Orphanage caregivers' perceptions: The impact of organizational factors on the provision of services to orphans in the Ashanti Region of Ghana
Journal of Children and Poverty
College of Social Work, University of Utah, Salt Lake City, UT, United States; Department of Sociology, Kwame Nkrumah University of Science and Technology, Kumasi, Ghana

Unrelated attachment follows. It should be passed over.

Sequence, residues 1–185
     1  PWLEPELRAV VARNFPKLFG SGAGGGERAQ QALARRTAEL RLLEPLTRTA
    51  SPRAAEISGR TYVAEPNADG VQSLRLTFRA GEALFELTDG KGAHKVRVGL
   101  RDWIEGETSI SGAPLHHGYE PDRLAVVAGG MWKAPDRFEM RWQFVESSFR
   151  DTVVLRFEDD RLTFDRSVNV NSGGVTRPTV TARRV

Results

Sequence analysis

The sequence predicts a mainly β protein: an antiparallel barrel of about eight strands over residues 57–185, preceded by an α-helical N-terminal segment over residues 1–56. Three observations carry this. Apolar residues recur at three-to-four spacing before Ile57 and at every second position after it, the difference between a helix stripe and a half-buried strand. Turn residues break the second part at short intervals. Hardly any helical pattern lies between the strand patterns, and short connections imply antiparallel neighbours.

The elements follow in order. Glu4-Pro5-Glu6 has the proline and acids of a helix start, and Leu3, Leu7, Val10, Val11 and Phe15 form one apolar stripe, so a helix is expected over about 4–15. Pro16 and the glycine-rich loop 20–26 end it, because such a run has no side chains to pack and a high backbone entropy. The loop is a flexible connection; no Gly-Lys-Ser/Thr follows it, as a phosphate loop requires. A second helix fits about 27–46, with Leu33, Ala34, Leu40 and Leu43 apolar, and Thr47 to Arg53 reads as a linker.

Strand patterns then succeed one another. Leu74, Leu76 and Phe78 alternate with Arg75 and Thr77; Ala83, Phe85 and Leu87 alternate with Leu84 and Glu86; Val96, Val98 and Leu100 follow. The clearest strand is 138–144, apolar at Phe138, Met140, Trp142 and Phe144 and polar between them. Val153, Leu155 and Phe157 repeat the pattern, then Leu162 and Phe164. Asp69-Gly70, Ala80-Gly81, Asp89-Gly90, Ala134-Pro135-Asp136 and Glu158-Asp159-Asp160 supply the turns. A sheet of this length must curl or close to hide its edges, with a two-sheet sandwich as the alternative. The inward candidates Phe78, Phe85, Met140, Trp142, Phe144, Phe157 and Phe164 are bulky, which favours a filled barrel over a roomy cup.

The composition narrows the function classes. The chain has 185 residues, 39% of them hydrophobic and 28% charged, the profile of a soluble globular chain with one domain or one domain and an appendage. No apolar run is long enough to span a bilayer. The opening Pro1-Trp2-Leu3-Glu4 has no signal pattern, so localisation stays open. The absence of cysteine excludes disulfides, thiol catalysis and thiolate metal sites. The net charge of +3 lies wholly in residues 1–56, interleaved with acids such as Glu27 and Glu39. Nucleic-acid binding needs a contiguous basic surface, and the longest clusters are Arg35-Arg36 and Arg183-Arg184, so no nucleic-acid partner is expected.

Adding to the growing body of literature on outcomes for children living in orphanages and children's homes, this qualitative study explored the perceptions of institutional personnel - caregivers, staff members, supervisors, and administrators - about organizational factors affecting their ability to care for orphaned and vulnerable children living in institutions in the Ashanti Region of Ghana. The participants in this study consisted of 59 caregivers, 7 supervisors, 10 administrators, 4 cooks, 4 teachers, 1 social worker, 1 security guard/driver, and 6 women classified as house helpers. Individual interviews were conducted using an English-written and stated semistructured interview guide the researchers had created. The data from the 92 interviews were transcribed and coded using inductive methodologies. The results revealed concerns from the personnel about their institutions' lack of adequate funding for essential items, including food and medicine for the children. The personnel were also concerned about the lack of appropriate workplace standards to ensure the sustainability of a viable workplace environment, including inadequate training, supervision, communication procedures, and staffing patterns, and collaborative partnerships and associations with other public or private community-based institutions. The findings from this study have considerable policy, practice, and research implications for social workers. © 2012 Copyright Taylor and Francis Group, LLC.